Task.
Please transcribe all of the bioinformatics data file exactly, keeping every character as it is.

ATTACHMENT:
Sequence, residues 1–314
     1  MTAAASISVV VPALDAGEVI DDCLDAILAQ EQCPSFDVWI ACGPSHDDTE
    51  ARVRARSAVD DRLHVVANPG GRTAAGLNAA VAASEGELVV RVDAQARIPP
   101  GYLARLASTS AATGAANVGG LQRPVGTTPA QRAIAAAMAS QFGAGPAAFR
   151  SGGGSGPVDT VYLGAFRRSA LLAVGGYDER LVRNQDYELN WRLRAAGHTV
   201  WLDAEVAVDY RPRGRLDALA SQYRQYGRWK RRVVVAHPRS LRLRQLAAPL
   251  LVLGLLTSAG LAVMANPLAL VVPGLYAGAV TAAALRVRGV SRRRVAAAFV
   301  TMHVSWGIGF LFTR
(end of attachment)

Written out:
Sequence, residues 1–314
     1  MTAAASISVV VPALDAGEVI DDCLDAILAQ EQCPSFDVWI ACGPSHDDTE
    51  ARVRARSAVD DRLHVVANPG GRTAAGLNAA VAASEGELVV RVDAQARIPP
   101  GYLARLASTS AATGAANVGG LQRPVGTTPA QRAIAAAMAS QFGAGPAAFR
   151  SGGGSGPVDT VYLGAFRRSA LLAVGGYDER LVRNQDYELN WRLRAAGHTV
   201  WLDAEVAVDY RPRGRLDALA SQYRQYGRWK RRVVVAHPRS LRLRQLAAPL
   251  LVLGLLTSAG LAVMANPLAL VVPGLYAGAV TAAALRVRGV SRRRVAAAFV
   301  TMHVSWGIGF LFTR